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Oct
5

For work comp, Lyft and Uber aren’t the answer

Transporting work comp patients to and from medical visits, PT, IMEs, hearings and the like is a big business – big for worker’s comp that is.

At first blush, it looks like a perfect opportunity for Lyft and Uber (L/U)- they’ve got a gazillion drivers everywhere, a great service model, and they are much less expensive than the traditional work comp transportation services.

In fact, OneCall and Lyft announced a partnership over two years ago (interested to hear how that’s working out; if you know please comment below).

Here’s why I don’t think they’ll replace work comp-specific transportation companies.

  • the big one – being late for or missing an IME is really, really expensive – the payer has to pay the IME doc the $1000 – $2000 anyway, rescheduling an IME incurs more indemnity, attorney, and other expense, and it makes adjusters nuts. The same is true for PT or other medical treatment – although not quite as bad.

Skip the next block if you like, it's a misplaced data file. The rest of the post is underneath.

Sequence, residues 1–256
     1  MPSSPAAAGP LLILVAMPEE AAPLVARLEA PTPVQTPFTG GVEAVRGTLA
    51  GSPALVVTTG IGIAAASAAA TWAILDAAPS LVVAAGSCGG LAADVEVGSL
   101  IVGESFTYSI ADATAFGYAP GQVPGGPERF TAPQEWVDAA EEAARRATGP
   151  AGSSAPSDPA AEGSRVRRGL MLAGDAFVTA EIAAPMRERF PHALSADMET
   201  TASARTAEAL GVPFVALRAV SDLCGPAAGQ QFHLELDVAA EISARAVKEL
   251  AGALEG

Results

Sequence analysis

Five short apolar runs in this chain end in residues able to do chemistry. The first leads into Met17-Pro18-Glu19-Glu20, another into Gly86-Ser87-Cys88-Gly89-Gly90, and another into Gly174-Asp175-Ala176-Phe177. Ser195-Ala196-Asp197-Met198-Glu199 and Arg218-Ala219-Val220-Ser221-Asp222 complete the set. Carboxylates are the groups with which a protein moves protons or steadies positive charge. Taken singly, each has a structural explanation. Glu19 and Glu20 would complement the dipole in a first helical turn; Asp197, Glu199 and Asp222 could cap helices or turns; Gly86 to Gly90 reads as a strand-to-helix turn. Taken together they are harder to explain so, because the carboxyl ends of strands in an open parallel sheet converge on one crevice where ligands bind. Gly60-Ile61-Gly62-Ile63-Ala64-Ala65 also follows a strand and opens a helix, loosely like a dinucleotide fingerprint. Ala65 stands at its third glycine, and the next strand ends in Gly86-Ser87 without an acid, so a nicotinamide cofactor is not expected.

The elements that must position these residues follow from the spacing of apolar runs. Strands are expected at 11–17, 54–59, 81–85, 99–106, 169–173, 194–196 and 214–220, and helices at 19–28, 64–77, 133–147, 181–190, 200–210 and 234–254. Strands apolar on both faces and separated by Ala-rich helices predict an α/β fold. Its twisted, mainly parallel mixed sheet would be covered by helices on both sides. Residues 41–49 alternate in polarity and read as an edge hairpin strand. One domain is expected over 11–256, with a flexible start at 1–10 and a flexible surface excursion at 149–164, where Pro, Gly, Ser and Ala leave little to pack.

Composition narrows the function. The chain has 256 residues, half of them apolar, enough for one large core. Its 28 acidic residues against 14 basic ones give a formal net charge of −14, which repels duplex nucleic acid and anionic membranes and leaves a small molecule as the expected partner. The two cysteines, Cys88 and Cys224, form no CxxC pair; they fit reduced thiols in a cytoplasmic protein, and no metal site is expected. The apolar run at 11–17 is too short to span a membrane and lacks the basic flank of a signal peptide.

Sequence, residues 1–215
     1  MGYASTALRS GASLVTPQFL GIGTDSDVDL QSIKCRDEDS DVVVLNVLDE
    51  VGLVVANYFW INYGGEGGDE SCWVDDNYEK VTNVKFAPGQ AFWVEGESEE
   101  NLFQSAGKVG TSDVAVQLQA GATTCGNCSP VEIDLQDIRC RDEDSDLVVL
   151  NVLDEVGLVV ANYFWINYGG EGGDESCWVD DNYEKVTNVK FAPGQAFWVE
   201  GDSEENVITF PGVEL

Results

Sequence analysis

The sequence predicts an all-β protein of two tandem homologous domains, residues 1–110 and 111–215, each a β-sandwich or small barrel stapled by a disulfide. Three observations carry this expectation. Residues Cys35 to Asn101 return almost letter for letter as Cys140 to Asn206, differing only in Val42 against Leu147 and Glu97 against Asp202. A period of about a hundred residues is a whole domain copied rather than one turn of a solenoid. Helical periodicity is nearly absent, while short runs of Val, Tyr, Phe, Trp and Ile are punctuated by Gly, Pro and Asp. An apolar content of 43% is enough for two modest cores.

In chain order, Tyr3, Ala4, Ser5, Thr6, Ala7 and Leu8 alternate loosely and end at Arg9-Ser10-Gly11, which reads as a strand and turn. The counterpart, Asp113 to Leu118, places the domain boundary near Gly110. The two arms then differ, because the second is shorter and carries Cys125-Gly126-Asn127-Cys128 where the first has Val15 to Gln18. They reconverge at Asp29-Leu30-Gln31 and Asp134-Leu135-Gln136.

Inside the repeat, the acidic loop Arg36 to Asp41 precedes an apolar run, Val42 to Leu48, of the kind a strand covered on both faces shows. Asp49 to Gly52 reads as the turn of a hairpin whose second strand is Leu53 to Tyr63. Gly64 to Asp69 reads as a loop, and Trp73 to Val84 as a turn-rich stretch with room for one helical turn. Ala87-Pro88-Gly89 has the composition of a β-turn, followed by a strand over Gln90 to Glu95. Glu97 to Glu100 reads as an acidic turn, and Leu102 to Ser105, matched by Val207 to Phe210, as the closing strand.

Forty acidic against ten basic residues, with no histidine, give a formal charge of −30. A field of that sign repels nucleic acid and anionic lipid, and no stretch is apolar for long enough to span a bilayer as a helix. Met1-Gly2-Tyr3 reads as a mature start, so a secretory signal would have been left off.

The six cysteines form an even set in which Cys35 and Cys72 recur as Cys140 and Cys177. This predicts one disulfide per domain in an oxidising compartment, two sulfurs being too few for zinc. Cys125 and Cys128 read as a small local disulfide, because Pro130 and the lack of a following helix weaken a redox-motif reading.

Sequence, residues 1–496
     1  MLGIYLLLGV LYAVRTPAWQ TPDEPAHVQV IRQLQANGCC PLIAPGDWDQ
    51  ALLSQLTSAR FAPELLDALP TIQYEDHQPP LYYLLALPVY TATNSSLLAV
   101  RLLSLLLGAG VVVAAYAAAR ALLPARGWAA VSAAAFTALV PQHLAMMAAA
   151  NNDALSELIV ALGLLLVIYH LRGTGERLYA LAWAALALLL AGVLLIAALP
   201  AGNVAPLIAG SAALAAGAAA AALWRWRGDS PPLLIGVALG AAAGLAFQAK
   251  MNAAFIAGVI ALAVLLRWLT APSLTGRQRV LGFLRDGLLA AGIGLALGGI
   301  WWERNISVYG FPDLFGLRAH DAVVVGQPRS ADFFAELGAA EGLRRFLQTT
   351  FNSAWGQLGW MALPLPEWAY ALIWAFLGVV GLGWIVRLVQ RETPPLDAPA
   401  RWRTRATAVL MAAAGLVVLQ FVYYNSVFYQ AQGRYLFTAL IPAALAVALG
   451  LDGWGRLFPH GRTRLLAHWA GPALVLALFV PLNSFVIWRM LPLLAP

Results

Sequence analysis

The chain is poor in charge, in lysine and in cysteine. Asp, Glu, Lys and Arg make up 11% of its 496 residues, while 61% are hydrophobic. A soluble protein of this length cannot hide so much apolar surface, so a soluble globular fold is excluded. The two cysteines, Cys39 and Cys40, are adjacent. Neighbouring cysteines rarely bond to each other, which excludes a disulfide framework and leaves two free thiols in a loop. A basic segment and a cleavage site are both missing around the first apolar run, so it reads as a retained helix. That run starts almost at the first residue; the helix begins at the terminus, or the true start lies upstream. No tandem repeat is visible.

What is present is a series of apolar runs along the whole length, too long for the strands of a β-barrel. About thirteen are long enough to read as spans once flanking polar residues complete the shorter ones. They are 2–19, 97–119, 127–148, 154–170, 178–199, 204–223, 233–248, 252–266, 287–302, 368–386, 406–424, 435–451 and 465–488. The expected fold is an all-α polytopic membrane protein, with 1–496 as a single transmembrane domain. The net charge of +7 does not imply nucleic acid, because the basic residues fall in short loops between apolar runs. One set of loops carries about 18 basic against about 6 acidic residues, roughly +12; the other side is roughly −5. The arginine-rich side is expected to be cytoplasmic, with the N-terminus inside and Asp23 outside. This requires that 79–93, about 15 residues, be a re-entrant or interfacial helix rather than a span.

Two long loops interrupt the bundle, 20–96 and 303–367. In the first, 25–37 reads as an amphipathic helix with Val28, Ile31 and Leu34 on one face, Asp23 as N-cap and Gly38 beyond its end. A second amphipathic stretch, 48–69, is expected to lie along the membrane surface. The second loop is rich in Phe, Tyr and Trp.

• WC patients don’t all have smartphones, so figuring out which patients can access L/U is a necessary first step
  • L/U drivers wait a maximum of 5 minutes – this doesn’t work for patients:
    • with limited movement ability trying to get ready
    • who aren’t really interested in making that IME appointment
    • whose doctor appointments may run late
  • L/U drivers aren’t going to go up to the patient’s door and help them get into the vehicle
  • L/U drivers’ vehicles typically aren’t accessible for patients with limited physical ability